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Would a universal basic income help our patients?


If you take a nighttime stroll through the downtown district in any major U.S. city – and certainly in my hometown of Baltimore – you’ll find people sleeping on the streets. Advocates talk about “the homeless mentally ill,” and it’s estimated that a quarter of homeless persons suffer from psychiatric conditions. As psychiatrists, it’s good that we care about the homeless mentally ill. As human beings, shouldn’t we also care about the addicted and indigent homeless? In a country of wealth, it continues to be a disgrace that we have people who live in tent encampments, or who literally sleep on the ground in public places with all their belongings gathered around them.

Dr. Miller is coauthor of “Committed: The Battle Over Involuntary Psychiatric Care” (Baltimore: Johns Hopkins University Press, 2016), and assistant professor of psychiatry and behavioral sciences at Johns Hopkins University, Baltimore.

Dr. Dinah Miller

With 25 contenders for the Democratic presidential nomination, Andrew Yang has caught my attention with his platform for a universal basic income (UBI), or “freedom dividend,” for all adults. Mr. Yang’s premise is a simple one: He’d like to give every person over the age of 18 a $1,000-a-month government-supplied income, funded by a new Value Added Tax (VAT), with no stipulations. I find the concept intriguing. It is the one suggestion that might make a drastic dent in extreme poverty in our country. In theory, every adult would have enough money to afford a place to sleep.

Paul Nestadt, MD, a psychiatrist at Johns Hopkins in Baltimore, agrees with the concept of a universal basic income. “The UBI seems like a humane and egalitarian way to eliminate starvation; it provides a ‘floor’ for poverty. It is a reasonable bare minimum, especially for our patients with serious mental illness who struggle to navigate the bureaucratic steeplechase required to have their basic needs met.” Dr. Nestadt believes that some of the other presidential candidates are supporting policies that would also accomplish this goal.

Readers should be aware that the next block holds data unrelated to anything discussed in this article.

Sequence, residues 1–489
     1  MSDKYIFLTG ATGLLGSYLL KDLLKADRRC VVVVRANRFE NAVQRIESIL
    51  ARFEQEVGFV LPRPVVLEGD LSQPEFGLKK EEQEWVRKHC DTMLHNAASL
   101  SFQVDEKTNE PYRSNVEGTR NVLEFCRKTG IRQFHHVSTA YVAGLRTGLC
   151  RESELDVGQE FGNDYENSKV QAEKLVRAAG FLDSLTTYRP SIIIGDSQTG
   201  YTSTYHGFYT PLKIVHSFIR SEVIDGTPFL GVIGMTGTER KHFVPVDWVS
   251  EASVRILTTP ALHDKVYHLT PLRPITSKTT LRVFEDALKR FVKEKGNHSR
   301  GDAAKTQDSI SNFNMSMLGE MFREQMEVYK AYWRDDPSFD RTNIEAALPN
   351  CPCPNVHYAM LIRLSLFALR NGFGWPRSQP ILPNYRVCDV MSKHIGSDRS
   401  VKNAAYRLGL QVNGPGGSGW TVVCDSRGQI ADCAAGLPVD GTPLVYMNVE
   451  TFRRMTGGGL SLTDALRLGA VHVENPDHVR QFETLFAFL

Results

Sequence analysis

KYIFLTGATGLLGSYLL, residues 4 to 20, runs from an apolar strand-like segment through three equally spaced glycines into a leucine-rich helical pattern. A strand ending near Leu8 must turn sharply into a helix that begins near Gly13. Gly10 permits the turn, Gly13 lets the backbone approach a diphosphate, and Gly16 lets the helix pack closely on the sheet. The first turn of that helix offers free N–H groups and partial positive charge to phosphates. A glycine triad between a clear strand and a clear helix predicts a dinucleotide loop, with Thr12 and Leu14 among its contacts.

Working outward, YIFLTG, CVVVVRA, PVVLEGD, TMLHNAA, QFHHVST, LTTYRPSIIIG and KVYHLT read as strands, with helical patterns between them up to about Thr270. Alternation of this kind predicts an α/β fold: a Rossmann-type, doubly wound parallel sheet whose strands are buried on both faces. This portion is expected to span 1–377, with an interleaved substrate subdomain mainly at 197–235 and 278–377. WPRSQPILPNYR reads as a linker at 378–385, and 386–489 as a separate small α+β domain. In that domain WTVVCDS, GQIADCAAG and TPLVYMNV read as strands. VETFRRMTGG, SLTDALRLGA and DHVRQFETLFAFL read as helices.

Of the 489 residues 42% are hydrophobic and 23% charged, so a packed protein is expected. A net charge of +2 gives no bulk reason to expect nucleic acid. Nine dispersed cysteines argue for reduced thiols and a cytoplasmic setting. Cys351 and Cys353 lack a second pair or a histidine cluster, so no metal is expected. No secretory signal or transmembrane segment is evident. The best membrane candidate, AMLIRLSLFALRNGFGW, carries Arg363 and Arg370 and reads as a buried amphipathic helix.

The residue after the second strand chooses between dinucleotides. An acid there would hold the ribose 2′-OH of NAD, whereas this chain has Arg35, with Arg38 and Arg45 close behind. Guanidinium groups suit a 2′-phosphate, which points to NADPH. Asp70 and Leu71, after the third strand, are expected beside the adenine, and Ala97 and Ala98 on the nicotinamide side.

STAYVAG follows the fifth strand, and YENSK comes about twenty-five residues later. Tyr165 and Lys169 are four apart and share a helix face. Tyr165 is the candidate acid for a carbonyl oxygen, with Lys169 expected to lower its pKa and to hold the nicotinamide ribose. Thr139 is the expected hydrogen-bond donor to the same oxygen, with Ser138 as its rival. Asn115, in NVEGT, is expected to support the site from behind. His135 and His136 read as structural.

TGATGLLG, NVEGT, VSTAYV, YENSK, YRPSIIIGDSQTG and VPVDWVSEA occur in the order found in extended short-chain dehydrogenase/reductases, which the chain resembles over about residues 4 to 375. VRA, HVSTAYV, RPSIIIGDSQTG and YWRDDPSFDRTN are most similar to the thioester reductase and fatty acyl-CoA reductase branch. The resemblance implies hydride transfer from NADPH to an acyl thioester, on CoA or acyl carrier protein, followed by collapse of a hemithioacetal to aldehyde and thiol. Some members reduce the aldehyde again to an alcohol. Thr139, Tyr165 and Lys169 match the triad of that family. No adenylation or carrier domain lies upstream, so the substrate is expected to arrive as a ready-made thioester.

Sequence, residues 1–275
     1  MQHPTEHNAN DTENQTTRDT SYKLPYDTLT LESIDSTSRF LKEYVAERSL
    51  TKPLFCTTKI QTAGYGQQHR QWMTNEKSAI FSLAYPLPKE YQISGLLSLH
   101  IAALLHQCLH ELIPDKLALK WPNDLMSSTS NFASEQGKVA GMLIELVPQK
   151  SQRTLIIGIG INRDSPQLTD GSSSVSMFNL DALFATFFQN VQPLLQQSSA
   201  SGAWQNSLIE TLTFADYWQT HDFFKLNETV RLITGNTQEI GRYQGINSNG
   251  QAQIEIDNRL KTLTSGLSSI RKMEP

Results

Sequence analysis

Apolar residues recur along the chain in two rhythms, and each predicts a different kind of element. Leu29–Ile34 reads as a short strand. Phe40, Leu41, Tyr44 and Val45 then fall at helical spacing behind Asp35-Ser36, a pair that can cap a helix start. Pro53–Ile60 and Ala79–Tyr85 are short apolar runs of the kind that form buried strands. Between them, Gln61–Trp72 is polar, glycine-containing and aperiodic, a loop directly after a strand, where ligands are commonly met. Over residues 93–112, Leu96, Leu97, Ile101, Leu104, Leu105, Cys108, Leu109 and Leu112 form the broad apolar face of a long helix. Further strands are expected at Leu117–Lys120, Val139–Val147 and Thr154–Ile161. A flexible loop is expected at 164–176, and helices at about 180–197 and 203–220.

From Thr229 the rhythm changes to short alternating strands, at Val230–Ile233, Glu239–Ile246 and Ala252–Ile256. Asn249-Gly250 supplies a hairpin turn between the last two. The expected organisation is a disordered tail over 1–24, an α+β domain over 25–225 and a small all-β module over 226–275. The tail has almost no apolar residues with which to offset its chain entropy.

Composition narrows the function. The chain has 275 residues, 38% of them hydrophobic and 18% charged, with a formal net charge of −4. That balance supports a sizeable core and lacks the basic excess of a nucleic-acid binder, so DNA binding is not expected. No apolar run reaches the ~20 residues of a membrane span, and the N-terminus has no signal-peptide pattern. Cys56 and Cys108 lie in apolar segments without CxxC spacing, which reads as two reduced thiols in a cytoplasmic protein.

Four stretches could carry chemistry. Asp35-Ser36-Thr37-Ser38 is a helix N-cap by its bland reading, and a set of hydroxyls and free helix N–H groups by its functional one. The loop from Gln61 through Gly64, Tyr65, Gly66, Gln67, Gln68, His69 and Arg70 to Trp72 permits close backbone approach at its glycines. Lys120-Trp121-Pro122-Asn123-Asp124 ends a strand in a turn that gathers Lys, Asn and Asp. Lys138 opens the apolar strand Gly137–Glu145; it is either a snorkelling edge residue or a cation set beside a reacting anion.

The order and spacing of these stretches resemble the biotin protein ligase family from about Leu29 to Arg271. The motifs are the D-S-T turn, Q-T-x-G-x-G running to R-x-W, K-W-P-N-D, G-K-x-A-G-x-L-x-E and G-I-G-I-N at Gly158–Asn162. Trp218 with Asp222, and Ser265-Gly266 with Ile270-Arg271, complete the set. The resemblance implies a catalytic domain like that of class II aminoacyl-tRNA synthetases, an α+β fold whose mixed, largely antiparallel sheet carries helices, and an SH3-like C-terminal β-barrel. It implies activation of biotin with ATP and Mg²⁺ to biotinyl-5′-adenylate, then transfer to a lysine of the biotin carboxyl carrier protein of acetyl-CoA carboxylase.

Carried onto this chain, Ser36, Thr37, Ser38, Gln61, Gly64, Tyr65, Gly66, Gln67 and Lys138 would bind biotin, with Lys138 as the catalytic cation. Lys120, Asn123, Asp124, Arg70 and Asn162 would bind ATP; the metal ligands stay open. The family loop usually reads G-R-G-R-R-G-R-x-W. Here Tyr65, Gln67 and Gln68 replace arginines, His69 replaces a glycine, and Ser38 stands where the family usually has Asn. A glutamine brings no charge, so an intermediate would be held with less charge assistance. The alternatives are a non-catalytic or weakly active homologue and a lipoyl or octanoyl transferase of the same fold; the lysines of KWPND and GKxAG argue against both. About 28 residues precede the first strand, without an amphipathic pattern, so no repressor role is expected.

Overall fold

Marc Nozell/2.0 Generic (CC BY 2.0)

Andrew Yang speaking in Manchester, N.H. on January 11, 2019.

So who is Andrew Yang? With no political experience, he bills himself as a technology entrepreneur who started a national education company, then went on to found Venture for America, an organization designed to create jobs. During the first round of Democratic debates, few questions were directed to him, and he was the lone gentleman on the stage without a tie. In addition to the UBI, he supports Medicare-for-all and “human-centered capitalism.” His slogan is “Humanity First,” and his website includes policy statements on a vast number of topics: everything from robocalls to wildfires to free marital counseling for all. His supporters call themselves the Yang Gang, and as of this writing, he polls at number 8 – with just 2% of the projected vote – among the 25 Democratic candidates.

While I find the prospect of a universal basic income appealing from the perspective of making a dent in extreme poverty, this is not the demographic Mr. Yang is targeting. His platform is based on the prediction that automation will continue to eliminate jobs at a rate that will devastate our people and our economy. In his book, The War on Normal People (Hachette Book Group, 2018), Yang writes about the UBI: “It’s simple, it’s fair, it’s equitable, it’s easy to understand, it benefits at least 80 percent of the population, and it will be necessary to maintain the fabric of society during the automation wave.” Mr. Yang contends that at least one-third of Americans are at risk of losing their jobs to automation.